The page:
Status of livestock research and Development in the highlands of Ethiopia
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Permanent link to this item: http://hdl.handle.net/10568/51093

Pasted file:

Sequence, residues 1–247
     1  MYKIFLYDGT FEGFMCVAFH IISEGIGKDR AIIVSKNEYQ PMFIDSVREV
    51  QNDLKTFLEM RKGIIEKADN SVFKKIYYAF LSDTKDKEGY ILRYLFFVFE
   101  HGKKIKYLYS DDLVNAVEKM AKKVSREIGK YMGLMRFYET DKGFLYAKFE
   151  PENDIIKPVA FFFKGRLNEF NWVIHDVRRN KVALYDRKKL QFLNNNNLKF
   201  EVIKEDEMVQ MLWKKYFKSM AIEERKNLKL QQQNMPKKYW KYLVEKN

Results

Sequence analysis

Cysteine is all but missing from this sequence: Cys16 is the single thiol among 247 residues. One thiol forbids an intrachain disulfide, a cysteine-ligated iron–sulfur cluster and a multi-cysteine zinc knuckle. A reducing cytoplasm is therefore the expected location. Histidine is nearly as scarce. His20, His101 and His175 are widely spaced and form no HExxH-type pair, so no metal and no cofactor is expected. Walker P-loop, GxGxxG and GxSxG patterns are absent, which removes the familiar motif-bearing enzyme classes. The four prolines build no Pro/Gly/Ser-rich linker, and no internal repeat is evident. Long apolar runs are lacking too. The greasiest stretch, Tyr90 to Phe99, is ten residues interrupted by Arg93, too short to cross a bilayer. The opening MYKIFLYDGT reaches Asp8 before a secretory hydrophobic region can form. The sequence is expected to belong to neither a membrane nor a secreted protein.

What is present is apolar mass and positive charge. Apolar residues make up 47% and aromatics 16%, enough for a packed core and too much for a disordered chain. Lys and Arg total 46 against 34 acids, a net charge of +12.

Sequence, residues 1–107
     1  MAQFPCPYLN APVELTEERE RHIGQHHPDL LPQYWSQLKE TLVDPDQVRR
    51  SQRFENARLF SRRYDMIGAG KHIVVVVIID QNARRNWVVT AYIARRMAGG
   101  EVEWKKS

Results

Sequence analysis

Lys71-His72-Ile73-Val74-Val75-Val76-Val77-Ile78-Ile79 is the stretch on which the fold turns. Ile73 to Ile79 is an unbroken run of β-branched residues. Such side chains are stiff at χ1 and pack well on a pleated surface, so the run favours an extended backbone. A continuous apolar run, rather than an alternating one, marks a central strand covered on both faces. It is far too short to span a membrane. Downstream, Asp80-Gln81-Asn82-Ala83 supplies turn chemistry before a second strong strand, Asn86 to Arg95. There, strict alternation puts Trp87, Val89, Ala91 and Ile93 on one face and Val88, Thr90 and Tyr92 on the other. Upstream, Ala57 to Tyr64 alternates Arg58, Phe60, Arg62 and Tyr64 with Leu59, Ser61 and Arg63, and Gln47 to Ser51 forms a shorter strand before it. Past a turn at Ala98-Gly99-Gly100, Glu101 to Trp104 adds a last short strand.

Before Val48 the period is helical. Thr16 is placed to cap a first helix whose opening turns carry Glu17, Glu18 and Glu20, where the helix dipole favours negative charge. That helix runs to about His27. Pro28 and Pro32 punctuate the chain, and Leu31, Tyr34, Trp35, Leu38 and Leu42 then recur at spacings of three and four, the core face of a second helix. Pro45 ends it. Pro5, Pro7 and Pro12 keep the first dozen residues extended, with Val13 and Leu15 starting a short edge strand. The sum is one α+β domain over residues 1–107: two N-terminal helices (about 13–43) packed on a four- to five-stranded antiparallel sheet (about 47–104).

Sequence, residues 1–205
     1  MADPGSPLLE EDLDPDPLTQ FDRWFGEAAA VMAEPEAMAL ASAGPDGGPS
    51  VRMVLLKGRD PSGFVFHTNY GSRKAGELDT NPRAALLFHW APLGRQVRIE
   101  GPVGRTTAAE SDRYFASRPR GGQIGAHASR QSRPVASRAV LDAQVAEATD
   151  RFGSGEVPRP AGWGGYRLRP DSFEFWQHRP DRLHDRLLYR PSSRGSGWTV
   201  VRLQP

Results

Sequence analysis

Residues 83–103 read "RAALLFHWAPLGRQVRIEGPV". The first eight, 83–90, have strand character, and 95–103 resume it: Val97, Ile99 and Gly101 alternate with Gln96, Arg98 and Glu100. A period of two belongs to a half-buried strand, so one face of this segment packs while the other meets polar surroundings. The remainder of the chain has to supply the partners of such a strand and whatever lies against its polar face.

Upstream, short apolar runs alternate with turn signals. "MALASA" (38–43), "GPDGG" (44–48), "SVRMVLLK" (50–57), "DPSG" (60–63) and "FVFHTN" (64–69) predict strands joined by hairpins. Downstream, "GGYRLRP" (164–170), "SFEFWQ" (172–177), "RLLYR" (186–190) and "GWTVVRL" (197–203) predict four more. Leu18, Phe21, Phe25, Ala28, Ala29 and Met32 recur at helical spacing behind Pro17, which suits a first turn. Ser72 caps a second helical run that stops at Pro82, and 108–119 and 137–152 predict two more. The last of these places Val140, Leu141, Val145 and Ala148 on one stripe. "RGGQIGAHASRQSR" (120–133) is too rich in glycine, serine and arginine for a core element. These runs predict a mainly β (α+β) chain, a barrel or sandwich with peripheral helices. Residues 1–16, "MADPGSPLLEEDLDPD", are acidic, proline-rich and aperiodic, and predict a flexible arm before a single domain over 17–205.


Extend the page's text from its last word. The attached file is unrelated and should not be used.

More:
In Ethiopia, the agricultural sector is a cornerstone of the economic and social life. The sector employs 80-85 per cent of the population and contributes 40 per cent to total GDP. Smallholder farmers dominate the agricultural sector. The highlands hold about 95 per cent of the cropped area and support two-thirds of the livestock population. It is estimated that the highland areas contain 75-80 per cent each of the national cattle and sheep flock and about 30 per cent of the national goat flock. In general, three production systems can be recognised; extensive pastoralism in arid and semiarid rangelands, integration of animals with cropping in rain-fed and irrigated areas and systems associated with perennial tree crops. The last two systems are significant with respect to integration of crops and livestock. The parastatal and private-based intensive livestock production systems are recent Developments, which only account for about 5 percent of the livestock population. A very few private intra- and periurban dairy and fattening operations are being undertaken around major cities/towns. Mixed crop-livestock farmers with varying levels of intensification own almost all the livestock in the highlands. Determinant factors for evolution of crop-livestock systems and components of integration of the systems are discussed in the paper. The livestock sector in Ethiopia has been constrained due to many factors. In fact, there is no systematic assessment of constraints to livestock production of the different farming systems and zones. Lack of understanding of the farming systems, constraints and prospects of possible interventions in line with the socioeconomic scenarios of the farmers constitutes by itself the fundamental problem to the sub-sector. Seasonal fluctuations of nutrient supply, both in quality and quantity, are the main nutritional constraint. The livestock sector is also challenged by a plethora of diseases. The paper highlights research and Development efforts made in small ruminant, poultry and cattle (dairy and beef) production. Past research and Development efforts were limited as compared to the potential of the animal sector to the livelihood of the Ethiopian farmers and to the national economy at large. Though considerable technologies were generated by the national research system, the adoption of these by smallholder farmers have been very limited. There are many reasons for this scenario. Some of the major factors are lack of designated institutions that multiply these technologies; inadequate system of supporting institutions (micro financing, cooperatives, etc) to access technologies by small holder farmers, and the lack of an integrated systems approach in designing improvements to farming systems. The current challenge of sustaining agricultural productivity to meet the exigencies of the next century is complex and multifaceted. Accelerated growth rate of agriculture depends heavily on the availability of improved technology, stimulated by institutional and policy changes. The change has to be built on understanding of the system right from the grass root level with a firm base on better management of human and natural resources. The incompetence of research in providing tangible improvements in the past warrants evaluation of the research direction, methods, and priorities. Recently, national agricultural research has been structured by establishing the Ethiopian Agricultural Research Organization (Ethiopian Agricultural Research Organization). The primary objectives of Ethiopian Agricultural Research Organization are to promote, guide and coordinate agricultural research in the country. National livestock research strategy is designed on a demand-driven and problem-oriented approach, with considerable resources invested in stakeholders problem assessment. Short and long term research are formulated. Research focus is given to smallholders farming systems, improvement of nutrition and testing available technologies. The paper highlights short-term research themes in the area of small ruminant, dairy, beef and poultry production.
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